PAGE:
Fiction - Nowhere Man By Nick Quantrill
No one should have to stand at Humberside Airport's arrivals gate, name board in hand, waiting for Mr Van Der Kerkhof to arrive. Not at five in the morning. Groups of youngsters barge past me, shouting to each other at the top of their voices, excited. I can spot the cheap package holiday crews a mile off.
I don't understand it. If you work for months in an office or factory, why not enjoy your time away a bit more wisely? My brother tells me
Fiction - Returned To The Dark By Nicky Ellam
It's dark in here. That's because I live at the bottom of the jewellery box along with the other outcasts: the tangled necklace with the broken lobster claw and teddy pendant she got for her eleventh birthday, along with the bracelet that's missing a couple of gem stones.
She always says she will have them repaired but never does, preferring to spend the money on more fashionable pieces instead that imitate Asian and Oriental designs.
Fiction - Deep Waters by Gary Clark
The English are not a nation comfortable with the heat. An August afternoon in the city with the sun baking the pavements, overheating not just the diesel engines on the buses as they thundered by in a cloud of dirty fumes and dust, but the irritable people with fried tempers. Blaring car horns, sweaty armpits, uncomfortable in the heat. Manners and courtesy boiled away. Midsummer madness.
Fiction - 'Olde' Hull By Christopher Skolik
Martin sat on the wall, low, it was covered in graffiti; a matrix of over written names and messages to some dead junky, written over and over. Felt as though the sentiments were actually holding the place together, the place made up of the memories of those who knew Matt Kirk. Martin didn't. But he still felt the depths of this place.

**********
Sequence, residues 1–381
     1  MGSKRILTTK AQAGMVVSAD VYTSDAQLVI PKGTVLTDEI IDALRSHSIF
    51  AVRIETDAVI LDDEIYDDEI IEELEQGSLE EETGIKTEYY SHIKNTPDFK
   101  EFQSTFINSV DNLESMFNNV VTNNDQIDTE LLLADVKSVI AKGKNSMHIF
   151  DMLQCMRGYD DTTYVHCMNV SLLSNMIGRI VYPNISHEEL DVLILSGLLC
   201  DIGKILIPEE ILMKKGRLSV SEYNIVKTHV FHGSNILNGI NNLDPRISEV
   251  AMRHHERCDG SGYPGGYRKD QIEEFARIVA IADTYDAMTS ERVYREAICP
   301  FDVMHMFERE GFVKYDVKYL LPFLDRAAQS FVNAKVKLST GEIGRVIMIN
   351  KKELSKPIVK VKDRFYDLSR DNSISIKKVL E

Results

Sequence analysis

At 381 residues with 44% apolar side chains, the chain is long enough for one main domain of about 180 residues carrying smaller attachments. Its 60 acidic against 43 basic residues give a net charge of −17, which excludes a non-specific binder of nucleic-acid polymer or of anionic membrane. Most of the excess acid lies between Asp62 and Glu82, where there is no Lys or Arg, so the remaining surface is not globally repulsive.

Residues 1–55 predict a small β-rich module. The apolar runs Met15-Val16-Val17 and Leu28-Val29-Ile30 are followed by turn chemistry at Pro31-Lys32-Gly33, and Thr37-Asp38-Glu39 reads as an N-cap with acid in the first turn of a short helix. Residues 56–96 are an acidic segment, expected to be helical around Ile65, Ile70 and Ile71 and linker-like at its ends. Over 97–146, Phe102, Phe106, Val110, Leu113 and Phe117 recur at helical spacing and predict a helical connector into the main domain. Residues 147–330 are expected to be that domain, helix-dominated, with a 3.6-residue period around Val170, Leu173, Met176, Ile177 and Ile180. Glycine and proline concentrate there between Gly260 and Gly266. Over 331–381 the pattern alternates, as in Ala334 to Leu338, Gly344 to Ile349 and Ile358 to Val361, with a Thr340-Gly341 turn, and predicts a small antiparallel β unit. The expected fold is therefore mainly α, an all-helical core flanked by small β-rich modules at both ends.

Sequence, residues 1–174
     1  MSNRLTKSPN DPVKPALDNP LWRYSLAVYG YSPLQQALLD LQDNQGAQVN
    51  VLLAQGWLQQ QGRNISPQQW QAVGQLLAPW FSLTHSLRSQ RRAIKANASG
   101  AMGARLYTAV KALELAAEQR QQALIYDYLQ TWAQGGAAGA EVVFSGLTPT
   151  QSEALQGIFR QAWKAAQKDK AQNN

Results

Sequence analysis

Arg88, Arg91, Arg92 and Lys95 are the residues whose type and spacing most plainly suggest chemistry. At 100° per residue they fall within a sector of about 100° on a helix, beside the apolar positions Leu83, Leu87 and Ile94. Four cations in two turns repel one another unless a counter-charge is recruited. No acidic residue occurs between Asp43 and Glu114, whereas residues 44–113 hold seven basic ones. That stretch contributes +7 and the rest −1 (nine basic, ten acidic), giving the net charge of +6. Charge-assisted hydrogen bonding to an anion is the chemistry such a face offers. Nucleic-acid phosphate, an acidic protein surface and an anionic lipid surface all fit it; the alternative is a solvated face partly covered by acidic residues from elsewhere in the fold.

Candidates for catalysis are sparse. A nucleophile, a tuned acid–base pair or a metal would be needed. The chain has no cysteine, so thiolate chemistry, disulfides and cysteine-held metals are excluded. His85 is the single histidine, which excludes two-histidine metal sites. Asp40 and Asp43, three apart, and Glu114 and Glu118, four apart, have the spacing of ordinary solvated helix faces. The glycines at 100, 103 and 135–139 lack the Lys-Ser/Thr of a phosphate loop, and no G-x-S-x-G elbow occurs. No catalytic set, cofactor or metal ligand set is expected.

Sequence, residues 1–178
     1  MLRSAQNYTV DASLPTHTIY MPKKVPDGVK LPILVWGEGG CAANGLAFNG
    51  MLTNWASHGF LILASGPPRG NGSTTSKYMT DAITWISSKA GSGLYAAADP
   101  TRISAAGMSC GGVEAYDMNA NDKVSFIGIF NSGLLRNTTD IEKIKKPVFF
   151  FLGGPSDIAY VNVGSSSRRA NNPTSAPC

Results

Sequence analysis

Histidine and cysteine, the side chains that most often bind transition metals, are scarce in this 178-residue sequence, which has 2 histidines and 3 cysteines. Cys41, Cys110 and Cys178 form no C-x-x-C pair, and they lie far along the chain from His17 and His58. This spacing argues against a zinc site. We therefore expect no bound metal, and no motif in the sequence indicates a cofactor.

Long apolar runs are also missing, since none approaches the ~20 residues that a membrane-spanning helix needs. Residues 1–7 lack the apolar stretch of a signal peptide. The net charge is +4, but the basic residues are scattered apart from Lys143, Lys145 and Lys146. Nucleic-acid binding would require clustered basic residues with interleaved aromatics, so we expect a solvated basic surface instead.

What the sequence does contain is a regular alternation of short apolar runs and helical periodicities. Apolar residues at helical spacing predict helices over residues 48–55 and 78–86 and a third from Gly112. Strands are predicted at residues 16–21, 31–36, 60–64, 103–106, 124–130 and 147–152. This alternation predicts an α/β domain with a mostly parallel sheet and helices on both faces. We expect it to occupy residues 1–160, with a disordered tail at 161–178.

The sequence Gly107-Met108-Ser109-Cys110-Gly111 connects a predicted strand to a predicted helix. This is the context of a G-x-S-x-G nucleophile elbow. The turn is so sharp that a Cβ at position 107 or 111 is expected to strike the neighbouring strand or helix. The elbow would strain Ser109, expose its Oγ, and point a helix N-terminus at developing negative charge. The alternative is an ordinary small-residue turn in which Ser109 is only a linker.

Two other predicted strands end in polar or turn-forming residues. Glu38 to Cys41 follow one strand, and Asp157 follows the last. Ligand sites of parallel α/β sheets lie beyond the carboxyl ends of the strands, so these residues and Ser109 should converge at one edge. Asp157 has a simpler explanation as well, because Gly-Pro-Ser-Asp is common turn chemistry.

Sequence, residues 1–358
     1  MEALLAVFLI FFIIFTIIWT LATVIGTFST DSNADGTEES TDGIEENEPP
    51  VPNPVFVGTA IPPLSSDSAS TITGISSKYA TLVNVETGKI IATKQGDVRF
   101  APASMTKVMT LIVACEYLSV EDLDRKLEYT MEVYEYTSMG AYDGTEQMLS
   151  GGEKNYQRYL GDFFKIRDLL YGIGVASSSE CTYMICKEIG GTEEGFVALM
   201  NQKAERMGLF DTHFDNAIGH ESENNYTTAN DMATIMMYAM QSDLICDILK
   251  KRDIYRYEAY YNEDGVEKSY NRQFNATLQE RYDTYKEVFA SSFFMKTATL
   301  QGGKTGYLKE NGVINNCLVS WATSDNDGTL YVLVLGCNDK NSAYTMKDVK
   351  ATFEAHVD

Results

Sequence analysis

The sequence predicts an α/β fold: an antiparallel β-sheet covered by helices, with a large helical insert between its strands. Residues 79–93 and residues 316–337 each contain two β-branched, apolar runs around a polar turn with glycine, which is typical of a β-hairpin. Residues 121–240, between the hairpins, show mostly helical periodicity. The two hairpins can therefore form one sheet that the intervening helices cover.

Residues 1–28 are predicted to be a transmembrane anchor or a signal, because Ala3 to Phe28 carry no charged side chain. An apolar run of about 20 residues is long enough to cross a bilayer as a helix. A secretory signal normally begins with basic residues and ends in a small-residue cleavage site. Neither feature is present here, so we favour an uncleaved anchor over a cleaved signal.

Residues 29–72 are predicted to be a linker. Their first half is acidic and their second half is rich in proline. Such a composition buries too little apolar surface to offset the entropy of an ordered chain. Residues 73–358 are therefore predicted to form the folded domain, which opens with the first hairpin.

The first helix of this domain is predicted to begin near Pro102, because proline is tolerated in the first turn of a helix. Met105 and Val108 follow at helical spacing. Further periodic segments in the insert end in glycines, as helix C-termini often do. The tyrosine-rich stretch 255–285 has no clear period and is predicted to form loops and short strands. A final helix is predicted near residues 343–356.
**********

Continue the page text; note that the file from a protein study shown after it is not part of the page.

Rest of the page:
Was there still enough of Old Hull left to lead Martin back into a better past?
Fiction - A Clever Use of Bins By Frankie Lassut
An uplifting, 'ultimate' romance fantasy.
Colin was the world's most romantic man, it was official.
Well, ok. His wife, Jean, had written into the local radio station, Hull Online, and told the presenter guy what he did for her i.e. washing up, ironing, rubbed her feet, was always telling her how lovely she looked (especially each time she bought a new dress), took her out for meals regularly etc.
She had won hands down.
Fiction - A Nice, Romantic Man By Frankie Lassut
Men! All the same! But, all I want is a nice one! All he has to do is be interested in me, and throw rose petals in my scented bath (which he ran) just like in American Beauty! Not much to ask is it? I deserve it.
She walked in the countryside with him, hand in hand; there was plenty of energy in the new romance.
Love was in the air! Wildlife could sense this. Birds sang, grasshoppers rasped, and butterflies just did what they do.
They came across a copse.
Fiction - All The Fun Of The Fair By Nick Quantrill Photographs by Darren Rogers
Jimmy held his hand out to the old man lying in a bed of wet cardboard boxes. 'Help you up, there?'
The old man took the hand. 'Good on you, son.'
Jimmy took the strain and pulled. 'No problem. You might want to get your face looked at, though.'
The old man took a tissue out of his pocket and wiped the blood from his nose. 'Don't worry about me, I'll be fine.' He laughed and wiped his hands on his trousers. 'So who are you, then?'
'New around here?'